incarcerated.'' Of those convicted, prison has been recommended in
every case, he said, and 20 persons already have received sentences.
Probation was given in only one case, to a person who was not a GSA
employee and who was scheduled for open-heart surgery, Clements said.
Clements said sentences generally range from three to 13 months for
managers and from 20 days to 90 days for assistant managers, but
four-year sentences were given to two store managers who picked trial
rather than pleading guilty.
The Justice Department plans to sue some convicted GSA employees to
recover some of the money, said Mark Sheehan, a department spokesman.
But he added that each case would be considered individually.
Clements said he could not estimate the cost of the GSA scandal.
''We never put a dollar figure on it,'' he said, but adds that
exposing the scandal has paid off. ''Although it may have been
expensive, the real impact appears to be what the GSA is doing to
clean itself up . . . What's happening at the agency more than
compensates for all it's costing us.''
Still, the internal GSA investigation has been slowed by leadership
changes and delays in appointing and confirming an inspector general.
Special counsel Vincent Alto left in October, succeeded by Irwin
Borowski, the choice of then-GSA chief Jay Solomon for the newly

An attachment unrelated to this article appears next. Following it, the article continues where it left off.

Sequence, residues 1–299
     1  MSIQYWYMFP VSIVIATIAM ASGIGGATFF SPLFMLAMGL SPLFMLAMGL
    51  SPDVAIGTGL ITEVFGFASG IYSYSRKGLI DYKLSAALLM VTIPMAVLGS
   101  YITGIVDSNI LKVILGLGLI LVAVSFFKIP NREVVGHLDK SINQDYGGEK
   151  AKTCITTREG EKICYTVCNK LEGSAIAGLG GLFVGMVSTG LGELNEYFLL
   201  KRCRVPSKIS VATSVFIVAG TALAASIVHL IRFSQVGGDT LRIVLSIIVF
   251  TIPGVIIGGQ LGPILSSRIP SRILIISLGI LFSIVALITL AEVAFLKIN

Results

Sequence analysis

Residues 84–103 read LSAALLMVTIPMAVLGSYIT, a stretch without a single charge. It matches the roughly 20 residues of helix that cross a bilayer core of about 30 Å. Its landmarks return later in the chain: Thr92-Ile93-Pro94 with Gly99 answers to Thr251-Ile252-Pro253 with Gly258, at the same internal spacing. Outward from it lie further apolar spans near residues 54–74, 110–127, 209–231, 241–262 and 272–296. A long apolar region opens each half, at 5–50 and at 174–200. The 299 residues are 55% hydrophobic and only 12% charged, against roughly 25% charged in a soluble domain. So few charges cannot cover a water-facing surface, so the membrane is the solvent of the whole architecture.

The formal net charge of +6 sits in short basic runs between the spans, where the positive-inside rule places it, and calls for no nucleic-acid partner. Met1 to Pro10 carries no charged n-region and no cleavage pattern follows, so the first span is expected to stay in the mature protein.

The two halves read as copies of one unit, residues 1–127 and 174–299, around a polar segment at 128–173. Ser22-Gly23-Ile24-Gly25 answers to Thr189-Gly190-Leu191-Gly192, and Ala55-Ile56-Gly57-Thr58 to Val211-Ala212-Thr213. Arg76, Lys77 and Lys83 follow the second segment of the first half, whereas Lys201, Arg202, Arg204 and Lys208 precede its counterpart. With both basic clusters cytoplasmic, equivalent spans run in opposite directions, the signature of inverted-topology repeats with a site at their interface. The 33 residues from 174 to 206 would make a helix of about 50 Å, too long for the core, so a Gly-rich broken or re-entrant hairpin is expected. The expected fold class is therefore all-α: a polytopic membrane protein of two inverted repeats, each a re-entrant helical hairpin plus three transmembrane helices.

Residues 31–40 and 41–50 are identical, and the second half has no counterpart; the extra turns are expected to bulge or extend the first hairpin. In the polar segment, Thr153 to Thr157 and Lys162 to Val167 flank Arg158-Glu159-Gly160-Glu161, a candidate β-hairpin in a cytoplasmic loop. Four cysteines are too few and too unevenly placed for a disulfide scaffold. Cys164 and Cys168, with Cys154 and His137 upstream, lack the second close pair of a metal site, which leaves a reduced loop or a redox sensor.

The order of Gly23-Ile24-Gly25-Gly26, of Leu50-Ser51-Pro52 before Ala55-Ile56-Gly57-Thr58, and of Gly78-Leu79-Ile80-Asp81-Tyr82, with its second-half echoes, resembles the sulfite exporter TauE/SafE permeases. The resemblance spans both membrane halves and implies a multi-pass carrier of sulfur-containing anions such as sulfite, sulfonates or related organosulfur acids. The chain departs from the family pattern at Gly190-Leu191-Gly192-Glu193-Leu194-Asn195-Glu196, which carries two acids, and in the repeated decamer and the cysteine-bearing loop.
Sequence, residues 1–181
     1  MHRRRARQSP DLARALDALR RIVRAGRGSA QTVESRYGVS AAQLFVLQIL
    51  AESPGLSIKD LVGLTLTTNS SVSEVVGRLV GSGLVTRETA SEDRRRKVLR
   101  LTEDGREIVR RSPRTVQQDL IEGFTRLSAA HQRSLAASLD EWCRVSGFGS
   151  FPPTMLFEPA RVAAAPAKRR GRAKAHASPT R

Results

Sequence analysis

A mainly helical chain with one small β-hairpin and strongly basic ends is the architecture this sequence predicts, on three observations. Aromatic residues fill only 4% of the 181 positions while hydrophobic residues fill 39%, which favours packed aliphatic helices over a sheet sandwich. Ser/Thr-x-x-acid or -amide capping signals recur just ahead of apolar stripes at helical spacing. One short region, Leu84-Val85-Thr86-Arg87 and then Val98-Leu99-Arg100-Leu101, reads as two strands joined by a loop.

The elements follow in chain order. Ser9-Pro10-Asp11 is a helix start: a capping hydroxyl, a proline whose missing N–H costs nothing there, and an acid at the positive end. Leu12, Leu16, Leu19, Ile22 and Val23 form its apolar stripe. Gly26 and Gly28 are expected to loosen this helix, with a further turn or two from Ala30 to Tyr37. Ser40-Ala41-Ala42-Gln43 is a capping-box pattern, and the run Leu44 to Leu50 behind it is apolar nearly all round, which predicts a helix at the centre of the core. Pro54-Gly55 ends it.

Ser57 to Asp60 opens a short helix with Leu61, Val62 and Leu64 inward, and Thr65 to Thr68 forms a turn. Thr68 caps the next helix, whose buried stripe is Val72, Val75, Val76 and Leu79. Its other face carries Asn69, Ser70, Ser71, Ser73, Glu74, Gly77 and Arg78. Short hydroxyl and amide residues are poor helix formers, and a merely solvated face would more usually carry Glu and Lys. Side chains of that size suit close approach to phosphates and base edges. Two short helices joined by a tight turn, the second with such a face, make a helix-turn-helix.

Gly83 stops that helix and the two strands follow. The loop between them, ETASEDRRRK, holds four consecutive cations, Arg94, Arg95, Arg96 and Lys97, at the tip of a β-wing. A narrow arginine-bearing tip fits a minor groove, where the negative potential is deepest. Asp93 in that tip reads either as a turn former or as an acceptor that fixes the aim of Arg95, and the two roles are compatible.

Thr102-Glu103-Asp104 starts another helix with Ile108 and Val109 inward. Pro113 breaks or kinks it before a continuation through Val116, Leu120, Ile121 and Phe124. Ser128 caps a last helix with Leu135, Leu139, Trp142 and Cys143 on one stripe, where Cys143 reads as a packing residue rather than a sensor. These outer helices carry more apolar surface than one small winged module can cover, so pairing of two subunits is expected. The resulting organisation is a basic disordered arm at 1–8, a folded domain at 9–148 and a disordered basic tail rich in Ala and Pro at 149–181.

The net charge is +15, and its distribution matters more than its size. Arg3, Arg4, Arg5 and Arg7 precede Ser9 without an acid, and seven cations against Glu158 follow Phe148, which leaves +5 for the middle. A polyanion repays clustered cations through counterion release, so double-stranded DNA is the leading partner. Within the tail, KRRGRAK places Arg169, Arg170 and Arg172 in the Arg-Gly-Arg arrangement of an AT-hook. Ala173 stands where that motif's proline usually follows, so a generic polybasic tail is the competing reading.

created post of inspector general. But President Carter rejected
Borowski in favor of Justice Department official Kurt Muellenberg, and
he was confirmed for the post just two weeks ago.
Unlike the general counsel, the inspector general has subpoena
power, a tool GSA investigators say is crucial to an effective probe.
The GSA investigators don't seek indictments directly, but do refer
evidence to the Justice Department for possible grand jury review.
a102 0801 04 May 79
PM-Business Mirror, Adv 07,640
For Release PMs Mon May 7
By JOHN CUNNIFF
AP Business Analyst
NEW YORK (AP) - In the kitchens of the great food companies, where
they dwell on technology and convenience, they are contemplating an
anomaly, that the foods of the future might be those of the past.
Take pasta, which begins with grain and water. Every civilization
has developed some form of it from local grains. It's been going on
for more than 5,000 years. And now pasta is being rediscovered.
So are the basic ethnic foods of the Mexicans and Orientals. All
have basic grain-based carbohydrates. They utilize meat, but they
aren't dependent on it. They aren't, as the technologists say,
They are relatively inexpensive too, which adds to their appeal.
Pasta, for example, costs much less than beef, a fact well known to
shoppers. Every time beef prices go up, pasta consumption does too.